First published 7th Sep 2011
You will be aware of the importance of the vote through the Commons this week on the health and social care bill. You will also be aware of the many vested interest groups which are lining up their forces to deepen the degree of polarisation of the debate. The 38 degree pressure group is emailing widely about the “crunch NHS vote”, painting a single all-or-nothing picture. As I’ve previously pointed out, the biggest demand from experienced and engaged NHS managers of all professional backgrounds over the last few years has been to remove the fickle hand of influence of the politicians from the tiller, so that the care service can be run as an effective business sector in which the diversity of players is a valued asset.
We are desperately worried that, yet again, the real debate is being derailed by emotional arguments which completely ignore the challenges which need to be addressed. Please help us find the middle ground. A ground in which the discussion can separate the challenge of understanding the changing needs for care, from the very different challenge of finding the solutions.
To help avoid the usual polemic, I’d like to suggest that the need should be expressed in terms of guaranteeing equality of access to a high quality service of care. That service must be designed to achieve the maximum wellbeing and independence of the whole population at an affordable cost to the public.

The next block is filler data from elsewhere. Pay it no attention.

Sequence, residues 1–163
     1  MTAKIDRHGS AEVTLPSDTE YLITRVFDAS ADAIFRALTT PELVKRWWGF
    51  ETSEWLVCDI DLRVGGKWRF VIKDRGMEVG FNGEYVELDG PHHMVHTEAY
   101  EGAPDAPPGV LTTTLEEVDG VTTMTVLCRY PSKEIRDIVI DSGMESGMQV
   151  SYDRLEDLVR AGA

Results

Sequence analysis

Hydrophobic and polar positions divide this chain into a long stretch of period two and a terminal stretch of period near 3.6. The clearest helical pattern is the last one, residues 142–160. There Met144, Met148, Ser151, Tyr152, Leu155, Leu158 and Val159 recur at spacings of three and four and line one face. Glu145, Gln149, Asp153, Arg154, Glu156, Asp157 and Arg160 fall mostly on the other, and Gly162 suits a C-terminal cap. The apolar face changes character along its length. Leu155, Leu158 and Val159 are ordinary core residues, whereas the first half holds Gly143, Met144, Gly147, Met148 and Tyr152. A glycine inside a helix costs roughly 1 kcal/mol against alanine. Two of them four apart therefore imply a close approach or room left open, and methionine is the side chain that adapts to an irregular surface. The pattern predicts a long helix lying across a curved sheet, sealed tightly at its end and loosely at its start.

Similarly, the solutions should be defined in as neutral a language as possible. The solutions are perhaps best described as comprising a range of services offering appropriate, patient-centred care and support, able to take full advantage of advances in both medical science and other relevant innovations and new developments which can be used to advantage in the whole care process. Such advances may be in terms of leadership, business management, entrepreneurial ventures, organisational behaviours, partnership working and social engagement to select just a small range of domains which are fundamentally important to achievement of the care vision we have.
The biggest threat to the health of our nation, the fabric of the NHS and all other partners in the delivery of care, is to entrench them in business models and compartmentalised structures because the real issues to be debated have been lost in the partisan emotions of polarised rhetoric.
Please help join our demand for a reasoned debate which seeks to focus on really understanding and defining what the scale of health needs are, and seeks to encourage solutions to this need which are available equally to everyone who needs then and achieve the very best outcomes we can afford.